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Intervention by Denise Caruso Read Intervention by Denise Caruso, Executive Director of the Hybrid Vigor Silver Award Winner, 2007 Independent Publisher Book Awards; Best Business Books 2007, Strategy+Business Magazine


by Mike Neuenschwander ~ June 6, 2009.
Permalink | Filed under: Hybrid Vigor, Social Trust Online.

In an earlier post, I highly recommended Robert A. Burton’s book, On Being Certain: Believing You Are Right Even When You’re Not. But the book is important enough that I always meant to write a follow-on post. This is that post.

The book’s main assertion is that biology, not self-will, determines a person’s certainty and beliefs. The difficulty is that our conscious minds aren’t adapted to perceiving the source of our sense of certainty. In the following passage, Burton draws on another book from Timothy Wilson to make this point:

In his book Strangers to Ourselves, Timothy Wilson, a professor of psychology at the university of Virginia, presents a superb overview of the reasons why the unconscious mind is inaccessible to self-analysis: “the bad news is that it is difficult to know ourselves because there is no direct access to the adaptive unconscious, no matter how hard we try…. Because our minds have evolved to operate largely outside of consciousness, it may not be possible to gain direct access to unconscious processing.” ….

If he’s correct, the impasse between the necessity for self-awareness and the limits of our self-assessment abilities can’t be overcome through more brute thought. In agreeing with Wilson, we are challenging the commonsense and folk psychology understanding of ourselves, including knowing the degree to which we are consciously responsible for our thoughts and actions. Indeed , Wilson opened his book with the salvo, “It usually seems that we consciously will our voluntary actions, but this is an illusion.” The important point for our discussion … is that any attempt at self-awareness must accept this limitation. (146)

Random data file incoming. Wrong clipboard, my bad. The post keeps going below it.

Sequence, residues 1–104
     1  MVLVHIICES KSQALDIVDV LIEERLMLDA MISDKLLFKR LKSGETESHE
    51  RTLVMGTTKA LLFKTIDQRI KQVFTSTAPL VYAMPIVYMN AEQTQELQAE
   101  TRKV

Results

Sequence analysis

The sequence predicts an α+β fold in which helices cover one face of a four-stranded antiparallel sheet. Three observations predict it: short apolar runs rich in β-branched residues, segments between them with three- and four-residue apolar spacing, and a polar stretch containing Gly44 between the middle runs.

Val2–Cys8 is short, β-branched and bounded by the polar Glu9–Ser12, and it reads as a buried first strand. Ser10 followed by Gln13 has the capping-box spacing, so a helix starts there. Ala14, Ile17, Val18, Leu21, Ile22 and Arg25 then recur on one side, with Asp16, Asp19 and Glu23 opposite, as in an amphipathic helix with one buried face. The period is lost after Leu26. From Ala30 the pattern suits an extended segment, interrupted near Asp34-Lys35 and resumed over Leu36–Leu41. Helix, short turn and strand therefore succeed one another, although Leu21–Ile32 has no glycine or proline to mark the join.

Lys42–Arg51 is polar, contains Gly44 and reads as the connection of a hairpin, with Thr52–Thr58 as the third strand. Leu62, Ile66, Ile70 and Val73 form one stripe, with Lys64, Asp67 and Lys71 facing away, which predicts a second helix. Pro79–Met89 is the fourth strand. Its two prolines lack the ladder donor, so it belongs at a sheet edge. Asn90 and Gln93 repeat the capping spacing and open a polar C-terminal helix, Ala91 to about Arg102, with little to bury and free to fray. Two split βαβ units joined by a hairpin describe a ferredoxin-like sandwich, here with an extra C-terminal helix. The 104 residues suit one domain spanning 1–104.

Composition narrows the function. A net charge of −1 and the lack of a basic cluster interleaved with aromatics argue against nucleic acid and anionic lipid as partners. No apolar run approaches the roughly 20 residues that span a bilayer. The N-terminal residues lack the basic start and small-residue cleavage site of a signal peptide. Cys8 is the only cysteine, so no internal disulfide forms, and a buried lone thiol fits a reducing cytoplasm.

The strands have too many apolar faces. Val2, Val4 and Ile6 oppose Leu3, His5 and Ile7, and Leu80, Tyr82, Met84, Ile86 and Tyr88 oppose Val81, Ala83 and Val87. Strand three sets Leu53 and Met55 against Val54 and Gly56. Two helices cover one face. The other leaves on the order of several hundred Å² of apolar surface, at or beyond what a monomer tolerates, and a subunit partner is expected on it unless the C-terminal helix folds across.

I’ve had a few debates with managers, educators, and spiritual leaders over the limits of self-examination, so it was gratifying to come across this snippet:

A very difficult question facing interpreters of modern neurobiology is how to juggle the need for self-examination with the knowledge that an unspecified percentage of such assessments will be flawed, sometimes with serious consequences. No one seriously doubts Socrates’ maxim: The unexamined life isn’t worth living. … Yes, we should engage in ruthless self-reflection and harsh scrutiny, but we should simultaneously acknowledge that such introspection will, at best, only result in a partial view of our minds at work. Complete objectivity is not an option. (159)

Burton’s take-down of neo-atheism is classic. Would love to have written this:

[Richard] Dawkins both believes in his powers of introspection and self-assessment and that he is mentally capable of understanding why the world and we exist—the myth of the autonomous rational mind. … It is an extraordinary proposition to believe that an intellectual understanding of physical properties can reveal subjective metaphysical truths. … Dawkins conveniently illustrates the rationalist’s dilemma: How do you articulate a personal sense of purpose when you intellectually have concluded that the world is pointless? What is the purpose of pointing out pointlessness? What does it mean to find purpose in understanding purposelessness? (181-182)

Burton later goes on to say:

The science-religion controversy cannot go away; it is rooted in biology. If we were to ban all discussions of religion, burn all religious books, even strip all words related to religion and faith from the dictionary, we would not eliminate religious feelings. … We talk of religion, afterlife, soul, higher powers, muses, purpose, reason, objectivity, pointlessness, and randomness. We cannot help ourselves.
If, for most of us, science either is too complicated or cannot provide the heartfelt joy and meaning of religion, it is only natural that we look elsewhere. (188)

Burton offers the following suggestion on how to proceed, in view of our intellectual limitations:

To retreat from claims of absolute “knowing” and certainty, popular psychology needs to explore how mental sensations play a fundamental role in generating and shaping our thoughts. We can’t afford to continue with the outdated claims of a perfectly rational unconscious or knowing when we can trust gut feelings. We need to rethink the very nature of a thought, including the recognition of how various perceptual limitations are inevitable.

At the same time, if the goal of science is to gradually overcome deeply embedded superstition, it must be seen as a more attractive and comforting alternative, not as inflammatory exhortation and confrontation with a none-too-subtle whiff of condescension. (220-221)


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